In finance, the capital asset pricing model (CAPM) is used to determine a theoretically appropriate required rate of return of an asset, if that asset is to be added to an already well-diversified portfolio, given that asset's non-diversifiable risk. The model takes into account the asset's sensitivity to non-diversifiable risk (also known as systematic risk or market risk), often represented by the quantity beta (β) in the financial industry, as well as the expected return of the market and the expected return of a theoretical risk-free asset.
The model was introduced by Jack Treynor (1961, 1962),William Sharpe (1964), John Lintner (1965a,b) and Jan Mossin (1966) independently, building on the earlier work of Harry Markowitz on diversification and modern portfolio theory. Sharpe, Markowitz and Merton Miller jointly received the Nobel Memorial Prize in Economics for this contribution to the field of financial economics.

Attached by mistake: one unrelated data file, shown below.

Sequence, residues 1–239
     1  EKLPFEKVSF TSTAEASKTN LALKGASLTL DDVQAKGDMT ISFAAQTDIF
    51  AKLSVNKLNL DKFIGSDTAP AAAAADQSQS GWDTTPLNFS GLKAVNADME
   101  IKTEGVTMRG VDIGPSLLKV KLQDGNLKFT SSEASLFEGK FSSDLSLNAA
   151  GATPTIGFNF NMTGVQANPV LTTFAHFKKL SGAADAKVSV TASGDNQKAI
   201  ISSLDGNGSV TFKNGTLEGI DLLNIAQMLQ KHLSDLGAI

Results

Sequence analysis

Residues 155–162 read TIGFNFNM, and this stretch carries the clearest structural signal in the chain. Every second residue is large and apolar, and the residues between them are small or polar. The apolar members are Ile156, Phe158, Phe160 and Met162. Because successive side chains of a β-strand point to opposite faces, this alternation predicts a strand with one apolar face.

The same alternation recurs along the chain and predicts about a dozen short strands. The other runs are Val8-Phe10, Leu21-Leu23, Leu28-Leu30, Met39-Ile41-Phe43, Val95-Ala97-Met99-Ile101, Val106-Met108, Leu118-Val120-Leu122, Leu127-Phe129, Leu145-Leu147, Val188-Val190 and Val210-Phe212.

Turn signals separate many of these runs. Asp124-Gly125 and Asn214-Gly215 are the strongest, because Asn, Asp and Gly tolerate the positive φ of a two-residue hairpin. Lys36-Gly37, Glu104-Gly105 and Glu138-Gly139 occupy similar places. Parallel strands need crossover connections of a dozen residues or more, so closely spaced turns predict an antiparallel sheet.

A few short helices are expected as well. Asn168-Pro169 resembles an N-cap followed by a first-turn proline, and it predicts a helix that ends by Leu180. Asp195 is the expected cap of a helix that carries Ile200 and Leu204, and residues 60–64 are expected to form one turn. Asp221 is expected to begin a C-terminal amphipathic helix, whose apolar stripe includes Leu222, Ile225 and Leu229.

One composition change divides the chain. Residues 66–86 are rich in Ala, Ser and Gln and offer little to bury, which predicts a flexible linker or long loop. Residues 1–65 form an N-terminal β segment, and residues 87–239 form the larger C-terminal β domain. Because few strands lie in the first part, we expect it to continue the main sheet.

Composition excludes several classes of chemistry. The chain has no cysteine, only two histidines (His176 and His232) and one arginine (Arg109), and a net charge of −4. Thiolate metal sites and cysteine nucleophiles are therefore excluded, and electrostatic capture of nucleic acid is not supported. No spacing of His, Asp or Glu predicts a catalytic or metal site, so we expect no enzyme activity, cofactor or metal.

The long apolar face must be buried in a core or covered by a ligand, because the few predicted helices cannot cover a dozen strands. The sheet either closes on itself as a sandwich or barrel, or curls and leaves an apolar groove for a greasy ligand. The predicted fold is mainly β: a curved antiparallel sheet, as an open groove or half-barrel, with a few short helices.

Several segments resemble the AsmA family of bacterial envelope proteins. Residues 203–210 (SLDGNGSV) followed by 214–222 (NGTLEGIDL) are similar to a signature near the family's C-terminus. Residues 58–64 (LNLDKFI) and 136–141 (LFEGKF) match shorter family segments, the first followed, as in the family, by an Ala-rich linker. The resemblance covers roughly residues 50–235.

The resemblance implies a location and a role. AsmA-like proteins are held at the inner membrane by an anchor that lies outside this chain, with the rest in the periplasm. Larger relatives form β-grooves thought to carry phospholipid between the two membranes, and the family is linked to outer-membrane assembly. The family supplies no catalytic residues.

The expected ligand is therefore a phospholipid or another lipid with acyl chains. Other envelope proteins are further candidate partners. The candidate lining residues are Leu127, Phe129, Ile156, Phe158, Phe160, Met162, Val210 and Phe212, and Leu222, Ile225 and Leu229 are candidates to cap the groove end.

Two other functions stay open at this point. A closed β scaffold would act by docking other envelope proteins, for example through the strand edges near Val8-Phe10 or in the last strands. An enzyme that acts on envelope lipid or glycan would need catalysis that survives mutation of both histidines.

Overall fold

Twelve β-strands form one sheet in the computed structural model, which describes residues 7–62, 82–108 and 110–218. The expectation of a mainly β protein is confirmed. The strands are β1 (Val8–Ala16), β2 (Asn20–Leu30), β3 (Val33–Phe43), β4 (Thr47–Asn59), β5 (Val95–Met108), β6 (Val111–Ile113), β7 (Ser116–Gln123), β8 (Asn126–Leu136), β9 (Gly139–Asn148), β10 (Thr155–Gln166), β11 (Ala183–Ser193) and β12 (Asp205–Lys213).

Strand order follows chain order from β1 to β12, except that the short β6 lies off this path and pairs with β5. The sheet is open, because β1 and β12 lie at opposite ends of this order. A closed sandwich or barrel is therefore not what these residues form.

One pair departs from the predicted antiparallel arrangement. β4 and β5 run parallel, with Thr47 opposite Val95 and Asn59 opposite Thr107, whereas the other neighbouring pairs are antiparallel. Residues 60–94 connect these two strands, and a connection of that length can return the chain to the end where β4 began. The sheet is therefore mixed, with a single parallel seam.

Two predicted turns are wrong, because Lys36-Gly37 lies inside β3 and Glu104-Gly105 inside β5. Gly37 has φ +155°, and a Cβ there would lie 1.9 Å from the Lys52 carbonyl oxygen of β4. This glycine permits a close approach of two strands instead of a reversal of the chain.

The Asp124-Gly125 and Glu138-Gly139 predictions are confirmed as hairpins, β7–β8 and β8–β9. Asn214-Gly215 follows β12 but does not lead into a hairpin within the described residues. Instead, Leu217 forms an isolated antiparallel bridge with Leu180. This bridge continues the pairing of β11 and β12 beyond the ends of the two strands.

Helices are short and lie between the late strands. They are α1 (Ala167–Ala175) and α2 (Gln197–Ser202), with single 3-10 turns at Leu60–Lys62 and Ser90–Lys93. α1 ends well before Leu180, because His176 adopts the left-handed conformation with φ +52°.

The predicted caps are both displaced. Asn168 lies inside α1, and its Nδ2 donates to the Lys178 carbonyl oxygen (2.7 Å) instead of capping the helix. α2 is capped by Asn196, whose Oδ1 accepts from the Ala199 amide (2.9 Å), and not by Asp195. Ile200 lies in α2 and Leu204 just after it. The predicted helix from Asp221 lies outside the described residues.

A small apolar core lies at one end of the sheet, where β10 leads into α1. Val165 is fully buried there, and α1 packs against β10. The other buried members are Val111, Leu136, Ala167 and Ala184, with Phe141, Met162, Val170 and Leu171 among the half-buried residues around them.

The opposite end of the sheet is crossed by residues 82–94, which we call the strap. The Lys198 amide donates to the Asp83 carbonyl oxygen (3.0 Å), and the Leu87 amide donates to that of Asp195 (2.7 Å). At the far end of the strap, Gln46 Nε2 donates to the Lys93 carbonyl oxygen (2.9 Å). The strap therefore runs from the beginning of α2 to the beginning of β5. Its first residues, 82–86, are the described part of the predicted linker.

The CAPM is a model for pricing an individual security or portfolio. For individual securities, we make use of the security market line (SML) and its relation to expected return and systematic risk (beta) to show how the market must price individual securities in relation to their security risk class. The SML enables us to calculate the reward-to-risk ratio[clarification needed] for any security in relation to that of the overall market. Therefore, when the expected rate of return for any security is deflated by its beta coefficient, the reward-to-risk ratio for any individual security in the market is equal to the market reward-to-risk ratio, thus: